Learn about MIDI basics, how MIDI is different from audio, and what kind of tracks are available in Pro Tools for working with MIDI data.
- [Man] Music production in Pro tools commonly involves work with MIDI data in a session. When using MIDI, you'll be able to take advantage of the myriad of virtual instruments available for Pro Tools, ranging from classic syth sounds, to electronic drums, to life-like strings, horns and orchestral sounds and everything between. The term MIDI stands for "musical instrument digital interface." A protocol for connecting sound modules, performance controllers and computers so they can communicate with one another. MIDI files are fundamentally different from audio files in that the information they contain does not represent sound waves, but rather performance information.
What notes to play, when to play them and for how long. Like a piece of sheet music, a MIDI file is a set of instructions for a musical performance. How the performance sounds depends a whole lot on what instrument is used to play it. Beethoven's "Ode to Joy" will sound much different when played on the trumpet than when played on a piano, even though the notes are the same. We can change the virtual instrument used with a MIDI file at anytime, thereby changing the sound source in our Pro Tools session. Remember, a MIDI file contains no sound of its own.
And one other point to note here is that MIDI files are saved within the Pro Tools session, whereas audio files are saved within the audio files folder. The reason for this difference has to do with the file size. MIDI files are typically orders of magnitude smaller than equivalent audio files of the same duration. So embedding them within the .ptx file will not cause the session to bloat the way embedding audio files would. Now Pro Tools provides two types of tracks for working with MIDI data, MIDI tracks and instrument tracks.
Lets take a look. Here's a session I prepared with a MIDI in the clip list and I've also included an audio track with a vocal clip on it and an AUX input track that serves for the click. So lets create some new tracks. Now if no tracks are selected when you create new tracks, Pro Tools will append the new tracks at the end of your session. If you'd like to create your track in the middle of a session, you can first select a track by clicking on its name plate. Pro Tools will then create your new tracks adjacent to the selected track.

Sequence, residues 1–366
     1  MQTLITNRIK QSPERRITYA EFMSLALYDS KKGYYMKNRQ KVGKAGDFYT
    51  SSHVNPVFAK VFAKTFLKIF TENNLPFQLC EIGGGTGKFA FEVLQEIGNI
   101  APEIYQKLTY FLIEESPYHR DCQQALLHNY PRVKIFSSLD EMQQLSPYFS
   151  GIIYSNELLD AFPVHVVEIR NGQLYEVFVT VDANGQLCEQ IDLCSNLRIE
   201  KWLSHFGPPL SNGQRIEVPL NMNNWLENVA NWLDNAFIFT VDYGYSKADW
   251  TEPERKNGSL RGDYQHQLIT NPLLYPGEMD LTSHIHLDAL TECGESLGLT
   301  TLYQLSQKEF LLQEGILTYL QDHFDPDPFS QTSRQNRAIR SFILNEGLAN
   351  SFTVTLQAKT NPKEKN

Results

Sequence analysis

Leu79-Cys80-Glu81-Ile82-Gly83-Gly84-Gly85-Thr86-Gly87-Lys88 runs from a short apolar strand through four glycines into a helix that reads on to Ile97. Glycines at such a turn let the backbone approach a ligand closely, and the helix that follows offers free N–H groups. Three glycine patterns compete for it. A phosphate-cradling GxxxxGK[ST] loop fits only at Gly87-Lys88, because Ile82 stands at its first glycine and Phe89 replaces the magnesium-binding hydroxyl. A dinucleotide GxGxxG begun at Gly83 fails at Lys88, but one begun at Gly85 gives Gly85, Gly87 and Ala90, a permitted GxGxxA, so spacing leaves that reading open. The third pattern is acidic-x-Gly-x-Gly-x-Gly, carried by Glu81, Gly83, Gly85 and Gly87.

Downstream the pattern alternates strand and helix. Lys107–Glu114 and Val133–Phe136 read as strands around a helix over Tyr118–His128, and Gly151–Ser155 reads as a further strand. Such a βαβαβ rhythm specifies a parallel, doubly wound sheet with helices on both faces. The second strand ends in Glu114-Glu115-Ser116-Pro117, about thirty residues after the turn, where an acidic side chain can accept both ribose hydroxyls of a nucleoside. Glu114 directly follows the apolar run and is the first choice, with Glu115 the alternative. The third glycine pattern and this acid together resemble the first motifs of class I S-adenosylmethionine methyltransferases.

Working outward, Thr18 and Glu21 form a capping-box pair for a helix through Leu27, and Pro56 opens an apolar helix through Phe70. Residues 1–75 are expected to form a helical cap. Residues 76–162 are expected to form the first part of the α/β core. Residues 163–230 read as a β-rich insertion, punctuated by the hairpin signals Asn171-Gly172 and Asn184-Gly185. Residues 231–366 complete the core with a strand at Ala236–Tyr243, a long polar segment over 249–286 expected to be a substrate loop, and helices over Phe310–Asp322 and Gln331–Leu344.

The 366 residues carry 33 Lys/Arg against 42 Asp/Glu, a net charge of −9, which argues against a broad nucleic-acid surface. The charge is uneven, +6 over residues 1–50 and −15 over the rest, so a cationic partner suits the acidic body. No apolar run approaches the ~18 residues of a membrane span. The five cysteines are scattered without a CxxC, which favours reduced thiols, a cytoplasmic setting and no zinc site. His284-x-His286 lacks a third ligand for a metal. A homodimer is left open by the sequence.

Here, I've selected the vocal track for that purpose. Now remember, to create tracks you can go under the track menu and choose the "new" command or you could use the keyboard shortcut, "cmd, shift, N" on the Mac or "ctrl, shift, N" on Windows to open the new track's dialog box. Here, we'll configure the first row for a MIDI track and then add a row by click the plus sign and in the second row, we'll be adding an instrument track. And right away, you can notice a difference.
On the MIDI track, we don't have a selector for choosing whether the track will be mono or stereo. This is because MIDI do not route or play audio, so they can't be mono or stereo anymore than a piece of sheet music can be. But as we'll see, instrument tracks do include audio routing and we typically use stereo tracks for these. So lets click create to add the tracks and when we do, they're created next to the vocal track. As a reminder, that's because I had that track selected first.
In the edit window, the tracks look very similar. Both allow me to work with MIDI data. I could record MIDI onto either track, but for now, I'll just drag the clip from the clip list onto each track. Placing a copy, first on the MIDI track and then another second copy underneath of it, on the instrument track. And now, you can see, they look virtually identical. At this point, the tracks both essentially function the same way, giving me a place to work with MIDI data. And neither currently makes any sound during playback.
Even though you can see metering on the MIDI track, only thing we hear is the click from the click track and the vocals from the audio track. But switching to the mix window, we see another difference: the instrument track includes inserts and sends just like any audio tracks or AUX input tracks we have in this session. The inserts section on an instrument track allows us to add a virtual instrument to the track to serve as our sound source. From there, we can do other audio processing to the signal.
We'll explore the virtual instrument option later in this chapter. So as a quick recap: MIDI files contain performance information and do not play audio by themselves. The MIDI files are small and are embedded inside the Pro Tools session. Pro Tools provides two types of tracks for working with MIDI data, MIDI tracks and instrument tracks. Both can be used for recording and editing MIDI data, but instrument tracks also include audio routing and processing abilities.
- Getting started with Pro Tools menus, windows, and edit tools
- Creating a session
- Creating a click track
- Recording audio
- Importing audio and video
- Recording, viewing, and editing MIDI data
- Selecting and navigating within tracks
- Adding markers
- Editing clips
- Creating fade effects
- Mixing tracks and adding automation
- Backing up a session
- Bouncing a mix to disk
Skill Level Beginner
Q. This course was updated on 03/23/2017. What changed?
A. Challenges and solutions were added to chapters 3–10 and three videos were updated in the first couple chapters.